The local authority has to provide support to enable you to plan ahead as your child approaches their 18th birthday, so there are no gaps in services.
Section 58 of The Care Act 2014 places a duty on local authorities to carry out an assessment of a child’s needs where this would be of ‘significant benefit’ to the child, and if it is likely they will have care and support needs when they turn 18.
Preparing for adulthood reviews should include discussion about support with:
further learning, training or employment
planning health services and support to maintain good health
how to take part in society including using transport, help to find activities and with friends and relationships
As part of your child’s Annual Review you could ask for an assessment of their care needs in preparation for adulthood. The local authority can be flexible with the timing of the assessment, and they decide whether and when there is ‘significant benefit’ to assessing needs.
Where a young person has Autism, they have a right to a community care assessment and their parents a right to a carer’s assessment.
The duty lies with the SENCO (or in college with the named SEN person) to build this into ‘preparing for adulthood’ reviews.
Parents, carers and young people have the right to request a personal budget during the Annual Review process.
A personal budget gives families greater choice and control of provision within an EHC plan.
A personal budget for educational provision cannot cover payment for a place at the school or college. A personal budget can include any top-up funding (known as element 3 funding). Read more about funding.
It can include support that is managed by the school or college but only if the Head teacher or Principal agrees.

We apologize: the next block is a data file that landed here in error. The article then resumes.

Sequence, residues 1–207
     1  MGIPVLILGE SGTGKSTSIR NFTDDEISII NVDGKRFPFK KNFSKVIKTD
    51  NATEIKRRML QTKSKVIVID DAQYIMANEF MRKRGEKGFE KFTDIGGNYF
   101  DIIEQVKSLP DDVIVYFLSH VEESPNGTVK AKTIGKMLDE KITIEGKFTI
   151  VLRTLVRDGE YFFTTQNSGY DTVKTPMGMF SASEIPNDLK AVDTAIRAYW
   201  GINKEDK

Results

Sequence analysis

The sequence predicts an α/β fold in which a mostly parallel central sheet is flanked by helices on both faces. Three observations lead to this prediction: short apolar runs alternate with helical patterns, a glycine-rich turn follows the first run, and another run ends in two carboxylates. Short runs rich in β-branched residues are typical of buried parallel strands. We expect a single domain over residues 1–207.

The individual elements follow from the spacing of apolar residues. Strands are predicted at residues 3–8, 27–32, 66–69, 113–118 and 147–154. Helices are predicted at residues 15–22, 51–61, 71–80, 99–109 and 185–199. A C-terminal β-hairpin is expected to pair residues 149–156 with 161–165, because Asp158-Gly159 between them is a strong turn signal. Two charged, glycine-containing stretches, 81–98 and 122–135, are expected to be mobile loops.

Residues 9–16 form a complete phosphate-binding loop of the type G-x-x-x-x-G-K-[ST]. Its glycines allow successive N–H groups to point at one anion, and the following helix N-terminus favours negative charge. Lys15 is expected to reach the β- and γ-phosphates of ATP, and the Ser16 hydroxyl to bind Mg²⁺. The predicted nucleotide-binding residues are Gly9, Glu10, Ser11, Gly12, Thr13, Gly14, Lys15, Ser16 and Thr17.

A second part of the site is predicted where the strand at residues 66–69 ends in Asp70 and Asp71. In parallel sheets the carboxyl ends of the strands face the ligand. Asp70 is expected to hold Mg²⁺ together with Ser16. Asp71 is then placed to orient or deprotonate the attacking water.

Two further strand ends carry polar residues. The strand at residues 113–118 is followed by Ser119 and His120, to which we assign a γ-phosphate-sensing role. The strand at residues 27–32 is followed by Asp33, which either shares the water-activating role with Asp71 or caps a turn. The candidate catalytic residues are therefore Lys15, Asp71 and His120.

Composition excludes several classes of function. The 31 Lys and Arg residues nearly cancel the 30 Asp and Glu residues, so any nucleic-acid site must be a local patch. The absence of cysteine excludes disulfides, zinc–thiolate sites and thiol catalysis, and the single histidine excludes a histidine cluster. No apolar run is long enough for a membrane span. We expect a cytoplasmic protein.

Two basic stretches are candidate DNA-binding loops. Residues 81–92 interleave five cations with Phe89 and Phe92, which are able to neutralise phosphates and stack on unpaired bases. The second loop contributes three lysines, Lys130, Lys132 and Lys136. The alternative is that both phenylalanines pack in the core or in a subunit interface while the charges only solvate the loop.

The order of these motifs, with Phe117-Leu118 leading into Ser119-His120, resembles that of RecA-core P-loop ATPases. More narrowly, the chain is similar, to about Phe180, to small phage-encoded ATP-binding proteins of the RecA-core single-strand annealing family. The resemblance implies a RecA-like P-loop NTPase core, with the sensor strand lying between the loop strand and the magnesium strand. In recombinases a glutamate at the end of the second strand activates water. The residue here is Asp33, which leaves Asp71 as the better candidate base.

You can find out more about what can be included in a personal budget in sections 9.110 to 9.118 of the SEND Code of Practice 2015. If you are considering a personal budget talk to your Family Services Co-ordinator.
Sometimes the local authority or health authority may not agree to a personal budget. If the local authority refuses a personal budget for special educational provision it must tell you why. You cannot appeal to the SEND Tribunal about this refusal.
If you have requested a setting to be named and the decision has been delayed, you may wish to request the local authority issue a final EHC plan – to enable your rights to mediation and/or appealing to the SEND Tribunal.
What if I disagree with the Annual Review decision?
If you disagree with a local authority decision to leave the plan unchanged; to amend the plan; (or with the proposed amendments); or to cease the plan following Annual Review you have the options of going to mediation and/or appealing to the SEND Tribunal.
You have two months from the date of the decision letter to make an appeal.